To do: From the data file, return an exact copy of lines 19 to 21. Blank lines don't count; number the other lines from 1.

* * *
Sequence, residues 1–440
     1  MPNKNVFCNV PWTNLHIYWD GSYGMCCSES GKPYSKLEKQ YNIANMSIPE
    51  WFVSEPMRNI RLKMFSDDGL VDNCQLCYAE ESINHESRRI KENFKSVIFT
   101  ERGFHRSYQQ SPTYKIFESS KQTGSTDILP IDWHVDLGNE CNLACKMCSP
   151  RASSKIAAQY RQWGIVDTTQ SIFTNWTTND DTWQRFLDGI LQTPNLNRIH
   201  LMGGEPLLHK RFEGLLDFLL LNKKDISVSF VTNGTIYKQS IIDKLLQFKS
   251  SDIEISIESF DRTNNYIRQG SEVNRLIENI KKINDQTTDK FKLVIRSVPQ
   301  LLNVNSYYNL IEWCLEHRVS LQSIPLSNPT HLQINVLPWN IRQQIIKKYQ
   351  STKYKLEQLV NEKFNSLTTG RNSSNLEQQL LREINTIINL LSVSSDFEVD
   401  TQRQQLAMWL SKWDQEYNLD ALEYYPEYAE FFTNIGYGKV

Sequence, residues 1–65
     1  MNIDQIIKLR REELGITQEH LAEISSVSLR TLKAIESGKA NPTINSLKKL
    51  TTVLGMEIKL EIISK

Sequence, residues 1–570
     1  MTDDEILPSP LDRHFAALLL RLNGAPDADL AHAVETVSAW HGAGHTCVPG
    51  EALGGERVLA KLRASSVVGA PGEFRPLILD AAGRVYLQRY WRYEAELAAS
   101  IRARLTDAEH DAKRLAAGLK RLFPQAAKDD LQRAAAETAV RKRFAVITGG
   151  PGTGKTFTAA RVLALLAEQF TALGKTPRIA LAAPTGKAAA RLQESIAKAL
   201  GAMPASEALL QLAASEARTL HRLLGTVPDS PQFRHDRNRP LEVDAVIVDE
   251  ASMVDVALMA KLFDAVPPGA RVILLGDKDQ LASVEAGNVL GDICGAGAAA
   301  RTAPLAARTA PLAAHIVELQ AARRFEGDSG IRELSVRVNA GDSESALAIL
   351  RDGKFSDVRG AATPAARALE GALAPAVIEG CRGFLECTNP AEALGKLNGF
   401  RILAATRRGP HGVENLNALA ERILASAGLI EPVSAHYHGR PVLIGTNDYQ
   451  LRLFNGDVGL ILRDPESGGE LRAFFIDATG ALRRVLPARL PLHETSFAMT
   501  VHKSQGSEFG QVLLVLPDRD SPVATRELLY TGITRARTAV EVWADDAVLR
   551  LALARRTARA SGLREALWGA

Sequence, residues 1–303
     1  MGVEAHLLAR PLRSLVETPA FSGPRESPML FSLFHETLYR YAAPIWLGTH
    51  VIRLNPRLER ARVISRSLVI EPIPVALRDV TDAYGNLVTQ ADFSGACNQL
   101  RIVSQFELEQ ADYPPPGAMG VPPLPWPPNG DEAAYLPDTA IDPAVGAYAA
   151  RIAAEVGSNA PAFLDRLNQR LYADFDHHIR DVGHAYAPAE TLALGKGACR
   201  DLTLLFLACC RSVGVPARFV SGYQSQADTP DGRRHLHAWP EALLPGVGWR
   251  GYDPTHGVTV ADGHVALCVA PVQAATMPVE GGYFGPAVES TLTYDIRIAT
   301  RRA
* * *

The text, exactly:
   201  GAMPASEALL QLAASEARTL HRLLGTVPDS PQFRHDRNRP LEVDAVIVDE
   251  ASMVDVALMA KLFDAVPPGA RVILLGDKDQ LASVEAGNVL GDICGAGAAA
   301  RTAPLAARTA PLAAHIVELQ AARRFEGDSG IRELSVRVNA GDSESALAIL